Indeed, members of the research community have begun to explore DICE, homing in on the wealth of new information about cells and genes that they study in their own labs. And when future studies link a specific genetic variant to disease, researchers can turn to DICE to learn which genes are affected by the variant and in which immune cells, says LJI President and Chief Scientific Officer Mitchell Kronenberg, a coauthor on the Cell publication. That could help researchers narrow their focus to genes and cells that contribute to the disease.
While DICE is already a valuable resource, the LJI team acknowledges the atlas is not complete. Vijayanand and colleagues are continuing their immunoprofiling efforts, adding more activated cell types to the database as well as profiles of rarer immune cell types. They also plan to expand each cell's profile to include new types of information, such as epigenetic maps, which will aid to pinpoint the positions of the gene-regulating variations.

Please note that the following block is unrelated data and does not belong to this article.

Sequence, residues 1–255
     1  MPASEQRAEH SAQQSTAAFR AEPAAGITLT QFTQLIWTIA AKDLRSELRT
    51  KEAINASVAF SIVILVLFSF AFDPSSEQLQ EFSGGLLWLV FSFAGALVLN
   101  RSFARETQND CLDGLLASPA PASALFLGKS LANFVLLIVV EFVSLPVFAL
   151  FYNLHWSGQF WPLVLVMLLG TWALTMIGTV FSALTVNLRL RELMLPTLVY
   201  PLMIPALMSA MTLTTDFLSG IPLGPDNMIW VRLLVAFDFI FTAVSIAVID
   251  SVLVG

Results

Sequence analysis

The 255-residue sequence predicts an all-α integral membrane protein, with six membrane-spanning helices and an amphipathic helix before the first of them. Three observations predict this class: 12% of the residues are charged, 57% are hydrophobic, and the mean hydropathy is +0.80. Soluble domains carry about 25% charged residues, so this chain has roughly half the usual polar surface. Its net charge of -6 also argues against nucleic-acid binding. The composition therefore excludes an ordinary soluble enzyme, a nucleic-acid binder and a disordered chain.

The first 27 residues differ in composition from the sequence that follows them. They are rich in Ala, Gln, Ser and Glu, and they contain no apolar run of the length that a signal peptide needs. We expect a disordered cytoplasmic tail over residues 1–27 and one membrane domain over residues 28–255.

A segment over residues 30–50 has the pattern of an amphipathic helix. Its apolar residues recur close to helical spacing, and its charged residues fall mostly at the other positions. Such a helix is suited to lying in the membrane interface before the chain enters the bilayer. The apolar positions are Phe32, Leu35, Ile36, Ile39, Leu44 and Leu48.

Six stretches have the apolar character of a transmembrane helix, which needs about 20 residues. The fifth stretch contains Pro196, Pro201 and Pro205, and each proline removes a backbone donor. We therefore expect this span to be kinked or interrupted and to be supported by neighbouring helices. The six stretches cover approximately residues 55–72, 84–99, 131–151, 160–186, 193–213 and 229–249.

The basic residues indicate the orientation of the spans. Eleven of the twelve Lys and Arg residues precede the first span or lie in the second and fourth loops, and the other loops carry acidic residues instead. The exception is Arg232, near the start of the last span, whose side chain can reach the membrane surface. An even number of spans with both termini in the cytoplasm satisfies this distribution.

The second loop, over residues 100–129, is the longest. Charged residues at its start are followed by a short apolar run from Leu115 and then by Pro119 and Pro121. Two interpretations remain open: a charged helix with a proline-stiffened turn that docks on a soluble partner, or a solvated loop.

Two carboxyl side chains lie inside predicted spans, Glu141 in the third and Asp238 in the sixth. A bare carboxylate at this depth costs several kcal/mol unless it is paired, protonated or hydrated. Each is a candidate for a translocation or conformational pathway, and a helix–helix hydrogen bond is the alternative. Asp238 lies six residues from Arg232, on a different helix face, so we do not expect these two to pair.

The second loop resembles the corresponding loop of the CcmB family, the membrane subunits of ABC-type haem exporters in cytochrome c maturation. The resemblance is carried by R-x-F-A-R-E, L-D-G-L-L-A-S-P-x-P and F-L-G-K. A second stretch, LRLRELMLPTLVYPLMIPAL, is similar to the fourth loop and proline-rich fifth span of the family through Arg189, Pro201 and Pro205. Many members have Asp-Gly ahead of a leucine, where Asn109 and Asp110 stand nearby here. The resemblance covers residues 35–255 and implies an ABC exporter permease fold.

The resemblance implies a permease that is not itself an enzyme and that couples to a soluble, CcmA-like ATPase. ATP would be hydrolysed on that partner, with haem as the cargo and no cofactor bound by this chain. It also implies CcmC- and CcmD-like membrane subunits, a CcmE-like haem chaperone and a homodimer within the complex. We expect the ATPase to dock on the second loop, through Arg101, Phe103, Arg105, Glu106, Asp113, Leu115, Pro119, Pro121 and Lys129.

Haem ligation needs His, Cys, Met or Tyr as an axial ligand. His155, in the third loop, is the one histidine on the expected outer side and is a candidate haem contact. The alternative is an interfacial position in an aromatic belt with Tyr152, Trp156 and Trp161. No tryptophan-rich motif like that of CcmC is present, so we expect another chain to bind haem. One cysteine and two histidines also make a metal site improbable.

This work was funded by NIH grants R24 AI108564, S10RR027366 and S10OD016262 as well as the William K. Bowes Jr Foundation.
Benjamin J. Schmiedel, Divya Singh, Ariel Madrigal, Alan G. Valdovino-Gonzalez, Brandie M. White, Jose Zapardiel-Gonzalo, Brendan Ha, Gokmen Altay, Jason A. Greenbaum, Graham McVicker, Grégory Seumois, Anjana Rao, Mitchell Kronenberg, Bjoern Peters, Pandurangan Vijayanand. "Impact of genetic polymorphisms on human immune cell gene expression." Cell; 2018
About La Jolla Institute for Immunology
The La Jolla Institute for Immunology is dedicated to understanding the intricacies and power of the immune system so that we may apply that knowledge to promote human health and prevent a wide range of diseases. Since its founding in 1988 as an independent, nonprofit research organization, the Institute has made numerous advances leading toward its goal: life without disease.